It can reasonably be said that the revenues from the sale of petrol offset nearly two-thirds of the under-recovery on LPG and kerosene (2006-07). So, we are collecting taxes with one hand and doling out subsidies with the other! All that the government is achieving in this process is the creation of a false sense of security amongst consumers of these products and a consequent distortion of demand!
Diesel prices in India, contrary to popular belief, were not heavily subsidised but enjoyed a lower rate of duties and taxes as compared to petrol. With the recent international crude price increases, of course, the subsidy amount has gone up to nearly Rs 14 a litre this is when we have moved to a specific duty rate.
Since a large amount of diesel is still used for commodity transportation purposes, it can be argued that any increase in price of diesel would have an inflationary impact on the economy beyond the purely sentimental response. In this case the government could definitely differentiate the price of diesel in the urban/peri-urban areas from that in purely rural areas through branding.
The burden being borne by oil marketing companies has gone up to nearly Rs 20,000 crore a month. The same consumers who are enjoying paltry subsidies today face the threat of non-availability of products and related huge inconveniences tomorrow.
The government, in turn, may find it difficult to support more deserving programmes such as the farm loan waiver scheme or the National Rural Employment Guarantee Scheme (NREGS) if it is to maintain some semblance of fiscal circumspection. And the poor would again be subsidising the rich! Substantial increase in prices is inevitable it is high time we honestly reflected on this reality.
(Co-authored by Ruchika Chawla)
Alternative sources of raising revenue, including higher excise on other items must be considered.
Rising crude prices have placed non-oil producing developing countries like India in an economic dilemma. On the one hand is the imperative of managing the oil deficit. On the other is the imperative of ensuring that inflationary situations do not get exacerbated owing to a greater pass-through of international prices.
In the case of India WPI inflation has been hovering around 8%.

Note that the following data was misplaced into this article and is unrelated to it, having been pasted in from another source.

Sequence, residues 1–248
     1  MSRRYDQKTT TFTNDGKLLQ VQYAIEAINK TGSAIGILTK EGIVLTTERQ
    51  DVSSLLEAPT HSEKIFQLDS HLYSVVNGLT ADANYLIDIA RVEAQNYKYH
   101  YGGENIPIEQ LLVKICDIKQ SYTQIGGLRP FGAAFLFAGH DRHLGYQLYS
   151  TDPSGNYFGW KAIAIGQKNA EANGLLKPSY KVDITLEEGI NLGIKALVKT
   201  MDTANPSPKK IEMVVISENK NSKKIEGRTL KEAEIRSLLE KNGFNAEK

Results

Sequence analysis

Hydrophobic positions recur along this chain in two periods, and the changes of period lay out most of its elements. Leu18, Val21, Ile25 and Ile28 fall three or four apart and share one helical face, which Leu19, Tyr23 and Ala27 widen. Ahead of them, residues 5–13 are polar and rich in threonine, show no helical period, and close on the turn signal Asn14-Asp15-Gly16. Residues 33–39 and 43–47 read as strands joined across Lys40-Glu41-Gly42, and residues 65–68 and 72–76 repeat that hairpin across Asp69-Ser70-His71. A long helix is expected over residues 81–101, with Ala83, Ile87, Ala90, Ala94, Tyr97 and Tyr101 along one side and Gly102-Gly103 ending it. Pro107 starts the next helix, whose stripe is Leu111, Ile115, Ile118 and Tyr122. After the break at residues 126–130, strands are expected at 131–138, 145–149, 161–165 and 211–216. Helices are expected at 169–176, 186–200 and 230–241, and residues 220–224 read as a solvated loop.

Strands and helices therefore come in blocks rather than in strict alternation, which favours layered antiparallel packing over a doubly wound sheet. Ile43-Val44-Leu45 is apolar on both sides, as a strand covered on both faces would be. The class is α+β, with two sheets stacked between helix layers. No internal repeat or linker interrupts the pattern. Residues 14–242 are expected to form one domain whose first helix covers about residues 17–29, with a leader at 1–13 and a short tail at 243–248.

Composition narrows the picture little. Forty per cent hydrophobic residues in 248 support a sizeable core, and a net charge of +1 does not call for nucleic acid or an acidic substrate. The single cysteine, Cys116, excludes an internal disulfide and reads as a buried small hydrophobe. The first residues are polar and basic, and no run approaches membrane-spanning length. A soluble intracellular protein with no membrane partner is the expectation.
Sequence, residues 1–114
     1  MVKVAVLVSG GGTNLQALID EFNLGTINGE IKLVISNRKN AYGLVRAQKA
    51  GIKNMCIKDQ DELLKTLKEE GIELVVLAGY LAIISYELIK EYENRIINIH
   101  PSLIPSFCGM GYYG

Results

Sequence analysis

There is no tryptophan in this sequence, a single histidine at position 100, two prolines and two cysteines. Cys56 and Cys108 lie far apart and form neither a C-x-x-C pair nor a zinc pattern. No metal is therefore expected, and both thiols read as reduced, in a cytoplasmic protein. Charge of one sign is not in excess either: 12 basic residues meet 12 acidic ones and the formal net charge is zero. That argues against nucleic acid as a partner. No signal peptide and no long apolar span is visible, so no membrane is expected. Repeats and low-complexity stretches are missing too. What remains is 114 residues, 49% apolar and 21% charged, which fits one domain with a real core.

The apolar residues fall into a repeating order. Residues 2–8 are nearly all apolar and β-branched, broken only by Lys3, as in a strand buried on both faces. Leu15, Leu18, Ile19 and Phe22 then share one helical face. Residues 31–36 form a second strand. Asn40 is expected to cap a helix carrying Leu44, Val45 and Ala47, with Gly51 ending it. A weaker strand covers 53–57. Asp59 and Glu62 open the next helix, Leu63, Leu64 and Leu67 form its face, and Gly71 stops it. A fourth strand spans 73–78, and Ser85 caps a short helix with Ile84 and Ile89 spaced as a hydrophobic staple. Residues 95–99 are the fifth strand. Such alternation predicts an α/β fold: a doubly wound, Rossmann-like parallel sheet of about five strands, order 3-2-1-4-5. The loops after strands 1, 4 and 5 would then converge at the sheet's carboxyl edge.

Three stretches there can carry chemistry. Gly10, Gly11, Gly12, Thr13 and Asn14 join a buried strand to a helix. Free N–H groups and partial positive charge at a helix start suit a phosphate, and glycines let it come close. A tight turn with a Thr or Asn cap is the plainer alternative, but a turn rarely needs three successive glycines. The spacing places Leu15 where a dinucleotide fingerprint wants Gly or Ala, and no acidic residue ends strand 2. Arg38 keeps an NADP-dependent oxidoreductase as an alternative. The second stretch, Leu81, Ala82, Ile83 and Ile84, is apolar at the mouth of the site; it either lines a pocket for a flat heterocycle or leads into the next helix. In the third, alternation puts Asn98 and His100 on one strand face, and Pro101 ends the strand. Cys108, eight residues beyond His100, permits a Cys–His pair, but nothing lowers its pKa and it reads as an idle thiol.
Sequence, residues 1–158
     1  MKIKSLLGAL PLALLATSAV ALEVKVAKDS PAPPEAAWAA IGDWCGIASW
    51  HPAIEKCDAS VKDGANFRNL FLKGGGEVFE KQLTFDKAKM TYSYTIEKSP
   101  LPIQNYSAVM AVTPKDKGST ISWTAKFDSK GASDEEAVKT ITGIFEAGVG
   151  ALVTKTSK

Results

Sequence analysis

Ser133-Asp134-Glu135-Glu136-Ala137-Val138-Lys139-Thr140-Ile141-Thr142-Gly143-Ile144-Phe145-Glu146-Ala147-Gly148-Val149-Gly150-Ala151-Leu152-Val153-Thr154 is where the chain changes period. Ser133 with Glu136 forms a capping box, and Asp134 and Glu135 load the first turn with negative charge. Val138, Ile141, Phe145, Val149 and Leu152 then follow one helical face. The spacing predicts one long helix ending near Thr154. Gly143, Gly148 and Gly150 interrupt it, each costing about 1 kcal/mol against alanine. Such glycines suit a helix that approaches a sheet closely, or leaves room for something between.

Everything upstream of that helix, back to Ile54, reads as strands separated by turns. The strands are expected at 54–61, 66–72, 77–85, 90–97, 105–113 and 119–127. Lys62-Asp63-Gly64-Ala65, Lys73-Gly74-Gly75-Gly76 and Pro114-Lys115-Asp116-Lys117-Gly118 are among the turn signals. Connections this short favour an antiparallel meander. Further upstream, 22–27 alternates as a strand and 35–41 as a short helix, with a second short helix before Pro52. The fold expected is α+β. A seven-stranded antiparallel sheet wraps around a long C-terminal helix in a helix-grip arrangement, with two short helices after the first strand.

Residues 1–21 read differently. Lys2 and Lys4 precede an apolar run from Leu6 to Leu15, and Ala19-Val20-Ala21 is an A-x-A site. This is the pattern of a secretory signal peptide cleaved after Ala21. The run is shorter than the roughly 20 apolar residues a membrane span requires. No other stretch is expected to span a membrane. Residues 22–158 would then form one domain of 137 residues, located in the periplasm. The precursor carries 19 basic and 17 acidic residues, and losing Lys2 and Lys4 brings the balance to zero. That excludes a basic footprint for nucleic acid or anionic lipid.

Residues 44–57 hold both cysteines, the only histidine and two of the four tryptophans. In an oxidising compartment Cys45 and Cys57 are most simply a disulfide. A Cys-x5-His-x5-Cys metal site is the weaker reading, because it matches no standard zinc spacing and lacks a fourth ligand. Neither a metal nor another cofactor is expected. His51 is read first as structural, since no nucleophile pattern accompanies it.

From the governments point of view this is hardly the opportune time to allow prices to rise in the domestic markets. But on a closer scrutiny it becomes obvious that there arent too many options in the hands of the government.
A greater pass-through of international prices would have to be allowed. However, a hike in oil prices would have to be accompanied by somewhat reduced indirect tax rates. The government, the oil marketing companies and the consumer would have to share the burden of this rise in price.
At the same time a comprehensive mix of short-term and long-term policies is required to be put in place to minimise impact on the poor, while at the same time preserving fiscal health and containing losses of oil marketing companies.
It is imperative to align petrol and diesel prices at this stage to international crude prices by a well-considered increment. This is necessary not only to reduce fiscal cost of ballooning subsidies, but also to send out the right signals for fuel usage and efficiency.
While higher pump prices will further exacerbate inflation down the line, the continued use of off-budget oil bonds is a worse option for Indias future economic growth. Slower GDP growth will invariably bear negative repercussions for jobs and incomes.
The case for reducing LPG cylinder subsidies is even stronger, as the subsidy now exceeds the price. For kerosene, better targeting and control of subsidies is the right option, in order that it is not diverted to other uses. Excise and customs duties contribute significantly to the petrol and diesel prices at the pump.
If the government agrees to lower these duties, some of the excise loss can be borne without having to curtail essential expenditure. With persistent high prices, the government may also need to consider alternative sources of raising revenue, including higher excise on other items, sale of equity, or new taxes.
Equally important is setting in place a pricing system that takes into account global price fluctuations and manages inflationary expectations. A price band, with well-defined upper and lower ceilings, and regular revision of prices should be instituted for calibrating fuel prices in India with global changes.
While such measures may help in the short term, in the long run more efforts are needed in areas such as efficient multi-modal public transport, greater reliance on rail traffic, promoting energy efficiency, etc. We need to incentivise conservation technologies and systems and traffic, transport and town planning needs to form part of this overall strategy.
At the same time, domestic exploration and refining need to be stepped up, and energy security strengthened through proactive initiatives in the global arena. Better technology at refineries and more attention to R&D is needed. Alternative sources of energy, such as wind power and solar energy need to be promoted wherever possible, and rural electrification carried out. Judicious use of bio-fuels such as jatropha can be considered as long as food security is not impacted.
Industry, a significant user group, will help with concerted initiatives such as energy efficient furnaces and boilers, energy labelling, extensive awareness campaigns to promote oil conservation in small and medium industries, cogeneration and other energy conservation measures, etc.
CII, through its Centre of Excellence and other initiatives, is already active in this space and would ensure that Indian industry emerges as an exemplar.